Surprising Events on the Zone Diet Plan

About 6 weeks ago, my wife and I started making sure our 6 year old daughter was eating zone proportioned meals. We gave her zone breakfasts, zone snacks to take to school, zone evening meals and educated her and encouraged her to make zone favourable choices for her school lunch.

One of the supposed benefits of being “in the zone” is improved concentration, attention span and mental acuity. Because of picking up and dropping off times, we rarely get to actually speak to her teacher, so about 2 weeks ago, I mentioned that next parents evening we should ask her teacher if she’s noticed any changes in our daughters behaviour. Though I’m sure every parent says this, our kid is pretty well behaved and does quite well at school anyway: she’s in the top groups for English and maths, and never gets told off (as far as I’m aware) so I wasn’t sure that there would be much to say. She can sometimes be a bit slow and distracted, but that’s about it.

Anyway, it so occurred that we picked our daughter up early one day last week, and her teacher was there. Upon seeing us, she stopped what she was doing and crossed the room to talk to us. What she said astonished me:

“I just wanted to say, how well your daughter has been doing recently. Her work has noticeably and significantly improved. She’s working hard and faster than ever before. I don’t know what’s happened, it’s like she’s suddenly turned a corner and everything’s clicked into place!”

I was and still am astounded by that! She had no idea that we had changed our daughters diet. In fact when I mentioned it, she’d never heard of the Zone diet and was really quite interested in what it’s all about and how it works. It appears that we could have another zone convert on our hands. I asked the teacher when she noticed this seemingly amazing change, she replied: “About a month ago, give or take a week or so.”

So I decided to quiz (and praise!) my daughter about the things her teacher had said, and I asked her what difference she had noticed, she said: “I don’t know, I just want to work.”. That from a 6 year old! So it seems that the Zone diet really can and does have an effect on the mind as well as the body.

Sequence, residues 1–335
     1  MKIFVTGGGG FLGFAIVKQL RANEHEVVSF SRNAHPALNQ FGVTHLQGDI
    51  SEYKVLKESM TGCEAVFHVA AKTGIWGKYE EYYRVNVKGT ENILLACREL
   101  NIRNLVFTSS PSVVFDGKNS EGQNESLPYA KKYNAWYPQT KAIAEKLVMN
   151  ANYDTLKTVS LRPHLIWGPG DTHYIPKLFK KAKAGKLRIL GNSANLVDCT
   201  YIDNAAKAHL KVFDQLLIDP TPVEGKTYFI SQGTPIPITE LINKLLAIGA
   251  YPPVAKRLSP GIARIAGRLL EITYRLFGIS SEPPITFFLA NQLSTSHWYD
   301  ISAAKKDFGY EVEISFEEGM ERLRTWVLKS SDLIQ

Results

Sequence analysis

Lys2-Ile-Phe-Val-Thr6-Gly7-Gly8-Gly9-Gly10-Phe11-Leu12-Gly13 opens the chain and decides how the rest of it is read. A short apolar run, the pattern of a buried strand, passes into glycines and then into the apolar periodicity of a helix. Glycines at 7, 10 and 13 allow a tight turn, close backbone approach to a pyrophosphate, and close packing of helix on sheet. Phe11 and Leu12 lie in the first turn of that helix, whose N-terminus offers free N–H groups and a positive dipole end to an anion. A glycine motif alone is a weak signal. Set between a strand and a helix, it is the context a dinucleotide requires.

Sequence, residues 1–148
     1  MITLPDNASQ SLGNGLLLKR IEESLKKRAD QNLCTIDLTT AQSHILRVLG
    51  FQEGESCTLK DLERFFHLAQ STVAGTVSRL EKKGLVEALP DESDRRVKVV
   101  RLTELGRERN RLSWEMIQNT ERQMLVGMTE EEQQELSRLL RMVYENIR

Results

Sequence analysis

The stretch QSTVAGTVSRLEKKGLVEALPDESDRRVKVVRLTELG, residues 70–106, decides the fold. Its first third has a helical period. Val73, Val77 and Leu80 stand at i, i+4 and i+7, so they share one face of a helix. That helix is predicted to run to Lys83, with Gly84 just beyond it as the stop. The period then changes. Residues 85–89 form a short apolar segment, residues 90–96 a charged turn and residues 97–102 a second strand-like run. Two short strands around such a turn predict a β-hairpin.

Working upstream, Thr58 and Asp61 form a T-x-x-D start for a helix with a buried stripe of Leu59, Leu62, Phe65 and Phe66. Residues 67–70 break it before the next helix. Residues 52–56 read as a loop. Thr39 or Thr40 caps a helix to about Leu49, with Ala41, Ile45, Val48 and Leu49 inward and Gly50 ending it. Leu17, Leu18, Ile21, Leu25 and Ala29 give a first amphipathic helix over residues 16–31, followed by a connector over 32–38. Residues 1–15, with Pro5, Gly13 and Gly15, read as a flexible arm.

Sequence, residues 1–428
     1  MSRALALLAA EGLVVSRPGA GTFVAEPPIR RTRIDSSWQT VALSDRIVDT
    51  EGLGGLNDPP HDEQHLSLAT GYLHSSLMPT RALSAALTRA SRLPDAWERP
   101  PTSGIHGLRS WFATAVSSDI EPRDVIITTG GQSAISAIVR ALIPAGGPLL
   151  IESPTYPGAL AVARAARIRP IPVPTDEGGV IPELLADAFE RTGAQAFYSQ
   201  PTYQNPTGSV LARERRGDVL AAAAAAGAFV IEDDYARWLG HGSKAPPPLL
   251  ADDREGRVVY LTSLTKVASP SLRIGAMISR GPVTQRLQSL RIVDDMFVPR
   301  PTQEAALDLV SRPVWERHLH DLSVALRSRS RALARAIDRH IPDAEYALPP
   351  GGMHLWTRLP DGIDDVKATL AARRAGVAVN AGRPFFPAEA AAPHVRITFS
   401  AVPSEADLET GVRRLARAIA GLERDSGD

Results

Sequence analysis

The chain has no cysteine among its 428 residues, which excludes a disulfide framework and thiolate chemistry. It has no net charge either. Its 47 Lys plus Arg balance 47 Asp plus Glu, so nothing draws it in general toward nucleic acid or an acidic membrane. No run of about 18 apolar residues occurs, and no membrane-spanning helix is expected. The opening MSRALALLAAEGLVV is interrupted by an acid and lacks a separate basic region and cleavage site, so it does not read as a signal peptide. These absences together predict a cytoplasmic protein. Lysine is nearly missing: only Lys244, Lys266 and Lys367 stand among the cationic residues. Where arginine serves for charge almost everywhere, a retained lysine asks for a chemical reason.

One other interesting thing happened to me last week. I had breakfast as normal around 8am, but by 10am was hungry. This was a very surprising event as I’m normally never hungry in the morning any more. It was only when I thought back to what I’d eaten: cold sliced turkey, grapes, an apple and a satsuma; that I realised I’d forgotten to have any fat! I’d planned on some peanuts, but just forgot basically. The upshot was, I was hungry much earlier than normal. It just goes to show, that on the low fat zone diet, having small quantities of fat with every meal really does help to stave off hunger.

{ 3 comments… add one }
  • amy 9 October 2007, 5:44 pm

    That’s really encouraging news about your daughter on the Zone! My daughter is 5 years old and I’ve often toyed with the idea of “Zoning” up her meals. If you have any tips about Zone meals for kids, I’d love to hear them. Thank you!

  • Colin McNulty 9 October 2007, 6:41 pm

    Hi Amy,

    Zoning is easy for kids if they have a good palette already, but in essence I feed my daughter exactly what I eat, which we have done since she was 1 years old. I ensure it’s the right proportions, and she can eat as much or as little as she likes. The only rule is that if she doesn’t finish, the left overs have to be the right proportions too (meaning she must have eaten a balanced meal).

    This approach has the benefit of being an educational point as to what is protein, carbs and fat, something my daughter has grasped surprisingly easily, I don’t think we give kids enough credit sometimes. It also reinforces her choices outside of the home, with school meals for example, as to what are well proportioned portion sizes.

  • Alison 24 February 2012, 6:00 pm

    Great post all around!

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